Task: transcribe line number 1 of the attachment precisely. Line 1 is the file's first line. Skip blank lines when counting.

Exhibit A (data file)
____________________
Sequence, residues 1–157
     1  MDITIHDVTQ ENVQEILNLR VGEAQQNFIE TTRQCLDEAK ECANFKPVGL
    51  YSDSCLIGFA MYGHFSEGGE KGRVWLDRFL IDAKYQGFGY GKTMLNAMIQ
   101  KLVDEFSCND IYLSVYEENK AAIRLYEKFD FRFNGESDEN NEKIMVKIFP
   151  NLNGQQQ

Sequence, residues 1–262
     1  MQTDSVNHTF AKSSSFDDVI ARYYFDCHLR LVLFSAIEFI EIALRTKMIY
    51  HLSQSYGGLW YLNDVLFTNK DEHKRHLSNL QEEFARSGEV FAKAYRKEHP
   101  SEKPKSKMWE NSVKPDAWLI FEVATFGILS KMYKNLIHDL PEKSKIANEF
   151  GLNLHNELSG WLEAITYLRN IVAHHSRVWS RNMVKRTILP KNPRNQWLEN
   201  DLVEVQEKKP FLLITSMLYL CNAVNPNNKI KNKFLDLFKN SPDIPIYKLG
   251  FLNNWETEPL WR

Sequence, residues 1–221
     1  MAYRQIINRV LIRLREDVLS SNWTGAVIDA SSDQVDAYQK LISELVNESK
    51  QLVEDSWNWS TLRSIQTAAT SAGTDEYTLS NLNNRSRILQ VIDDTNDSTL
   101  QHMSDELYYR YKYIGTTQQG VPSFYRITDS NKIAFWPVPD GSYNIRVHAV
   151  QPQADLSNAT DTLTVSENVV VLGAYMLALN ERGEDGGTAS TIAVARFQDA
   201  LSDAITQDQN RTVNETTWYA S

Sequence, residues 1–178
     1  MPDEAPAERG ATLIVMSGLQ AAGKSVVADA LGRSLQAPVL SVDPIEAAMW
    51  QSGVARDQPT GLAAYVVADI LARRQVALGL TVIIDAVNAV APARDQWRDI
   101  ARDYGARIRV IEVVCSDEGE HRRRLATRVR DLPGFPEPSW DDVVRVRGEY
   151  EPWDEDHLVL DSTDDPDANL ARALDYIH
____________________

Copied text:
Sequence, residues 1–157